Accessibility navigation


Reducing contamination by exposure plus safety behaviour

Downloads

Downloads per month over past year

Rachman, J., Shafran, R., Radomsky, A. and Zysk, E. (2011) Reducing contamination by exposure plus safety behaviour. Journal of Behavior Therapy and Experimental Psychiatry, 42 (3). pp. 397-404. ISSN 0005-7916

[img] Text - Accepted Version
· Please see our End User Agreement before downloading.

270Kb

To link to this article DOI: 10.1016/j.jbtep.2011.02.010

Abstract/Summary

Background and objectives: It has been proposed that the judicious use of safety behaviour can facilitate improvements in the acceptability of cognitive behaviour therapy (CBT). It was decided to explore the possibility of facilitating CBT by introducing a form of safety behaviour.We sought to assess the degree to which Exposure plus Safety Behaviour (E þ SB) is an effective intervention for contamination fears. Methods: A comparison was made between the effects of a control condition (Exposure and Response Prevention; ERP) and an experimental condition (Exposure plus Safety Behaviour; E þ SB) in which each exposure to a contaminant was followed by the use of a hygienic wipe in a sample of (n ¼ 80) undergraduate students. In session one, each participant touched a confirmed contaminant 20 times. After each exposure participants were asked to report their feelings of contamination, fear, disgust, and danger. In the second session, two weeks later, the same procedure was carried out for a further 16 trials. Results: The ERP and the E þ SB conditions both produced large, significant and stable reductions in contamination. Significant reductions in fear, danger and disgust were also reported in both conditions. Limitations: The treatment was provided to an analogue sample and over two sessions. Conclusions: The use of hygienic wipes, the safety behaviour used in this experiment, did not preclude significant reductions in contamination, disgust, fear and danger. If it is replicated and extended over a longer time-frame, this finding may enable practitioners to enhance the acceptability of cognitive behavioural treatments and boost their effectiveness.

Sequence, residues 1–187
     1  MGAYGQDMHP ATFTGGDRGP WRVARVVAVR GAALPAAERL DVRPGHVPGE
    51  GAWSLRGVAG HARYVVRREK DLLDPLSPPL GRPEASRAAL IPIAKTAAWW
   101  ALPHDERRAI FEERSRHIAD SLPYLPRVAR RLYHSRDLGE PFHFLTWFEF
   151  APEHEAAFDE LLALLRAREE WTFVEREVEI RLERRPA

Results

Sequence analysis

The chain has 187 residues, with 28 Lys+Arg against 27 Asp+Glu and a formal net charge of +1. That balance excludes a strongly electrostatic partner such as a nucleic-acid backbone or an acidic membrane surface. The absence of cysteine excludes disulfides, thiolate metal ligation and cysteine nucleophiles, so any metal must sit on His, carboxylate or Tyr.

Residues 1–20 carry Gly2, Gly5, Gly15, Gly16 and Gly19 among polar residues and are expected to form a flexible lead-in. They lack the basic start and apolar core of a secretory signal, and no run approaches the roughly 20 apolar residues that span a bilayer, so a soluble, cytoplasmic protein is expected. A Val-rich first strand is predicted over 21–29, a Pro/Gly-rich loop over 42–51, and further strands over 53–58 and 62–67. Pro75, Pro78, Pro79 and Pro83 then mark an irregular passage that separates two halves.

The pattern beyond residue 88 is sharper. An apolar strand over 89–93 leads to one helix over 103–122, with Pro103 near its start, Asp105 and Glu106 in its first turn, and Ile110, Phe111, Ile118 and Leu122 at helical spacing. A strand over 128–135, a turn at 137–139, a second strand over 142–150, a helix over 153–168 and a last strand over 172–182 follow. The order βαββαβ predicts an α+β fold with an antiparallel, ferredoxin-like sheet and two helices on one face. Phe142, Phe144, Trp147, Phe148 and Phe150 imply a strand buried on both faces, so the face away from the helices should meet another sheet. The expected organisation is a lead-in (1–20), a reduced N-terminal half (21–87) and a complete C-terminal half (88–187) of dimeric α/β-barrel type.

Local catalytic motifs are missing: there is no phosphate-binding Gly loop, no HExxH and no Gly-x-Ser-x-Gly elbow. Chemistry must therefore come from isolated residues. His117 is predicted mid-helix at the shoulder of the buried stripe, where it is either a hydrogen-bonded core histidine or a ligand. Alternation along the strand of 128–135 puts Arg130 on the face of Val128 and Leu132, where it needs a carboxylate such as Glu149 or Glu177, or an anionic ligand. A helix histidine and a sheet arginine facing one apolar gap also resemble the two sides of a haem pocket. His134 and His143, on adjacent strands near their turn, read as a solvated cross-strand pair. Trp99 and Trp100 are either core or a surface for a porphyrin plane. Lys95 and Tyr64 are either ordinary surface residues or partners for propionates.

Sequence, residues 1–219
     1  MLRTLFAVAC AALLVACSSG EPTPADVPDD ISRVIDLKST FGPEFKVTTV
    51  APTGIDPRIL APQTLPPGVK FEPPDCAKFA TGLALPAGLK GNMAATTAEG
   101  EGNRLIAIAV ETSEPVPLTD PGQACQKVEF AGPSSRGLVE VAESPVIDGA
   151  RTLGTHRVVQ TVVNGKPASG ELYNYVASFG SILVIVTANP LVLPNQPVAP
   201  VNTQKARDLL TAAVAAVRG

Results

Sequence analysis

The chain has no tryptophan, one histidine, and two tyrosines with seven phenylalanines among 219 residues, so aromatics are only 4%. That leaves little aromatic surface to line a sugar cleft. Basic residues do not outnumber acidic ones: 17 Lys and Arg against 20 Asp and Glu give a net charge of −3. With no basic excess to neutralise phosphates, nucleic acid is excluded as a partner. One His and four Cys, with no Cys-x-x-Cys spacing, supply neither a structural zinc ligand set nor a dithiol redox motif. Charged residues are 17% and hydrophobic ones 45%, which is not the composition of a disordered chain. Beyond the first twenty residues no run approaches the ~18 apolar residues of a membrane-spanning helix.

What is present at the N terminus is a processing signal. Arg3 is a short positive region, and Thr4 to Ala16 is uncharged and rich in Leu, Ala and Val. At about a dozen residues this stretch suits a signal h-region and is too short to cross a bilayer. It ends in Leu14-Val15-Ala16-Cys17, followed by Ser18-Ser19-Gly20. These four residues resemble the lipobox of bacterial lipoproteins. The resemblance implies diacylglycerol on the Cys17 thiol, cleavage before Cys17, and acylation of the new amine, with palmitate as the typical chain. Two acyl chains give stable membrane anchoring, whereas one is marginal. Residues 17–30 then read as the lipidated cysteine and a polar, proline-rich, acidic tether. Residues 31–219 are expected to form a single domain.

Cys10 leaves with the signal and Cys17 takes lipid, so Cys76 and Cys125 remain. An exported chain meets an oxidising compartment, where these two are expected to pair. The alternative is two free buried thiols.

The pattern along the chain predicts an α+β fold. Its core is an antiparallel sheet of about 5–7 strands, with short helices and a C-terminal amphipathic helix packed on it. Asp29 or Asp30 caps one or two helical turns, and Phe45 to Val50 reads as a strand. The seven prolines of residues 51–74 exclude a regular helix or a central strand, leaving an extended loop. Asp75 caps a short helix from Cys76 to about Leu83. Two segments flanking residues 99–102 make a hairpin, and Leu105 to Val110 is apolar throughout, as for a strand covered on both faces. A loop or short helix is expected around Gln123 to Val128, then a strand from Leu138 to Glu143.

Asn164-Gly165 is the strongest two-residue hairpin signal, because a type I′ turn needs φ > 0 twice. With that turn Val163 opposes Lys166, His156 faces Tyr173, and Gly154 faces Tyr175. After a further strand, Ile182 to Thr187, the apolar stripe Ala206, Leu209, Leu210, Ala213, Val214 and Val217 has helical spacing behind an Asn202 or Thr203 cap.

Item Type:Article
Refereed:Yes
Divisions:Faculty of Life Sciences > School of Psychology and Clinical Language Sciences > Department of Psychology
ID Code:21694
Publisher:Elsevier

Download Statistics for this item.

University Staff: Request a correction | Centaur Editors: Update this record

Page navigation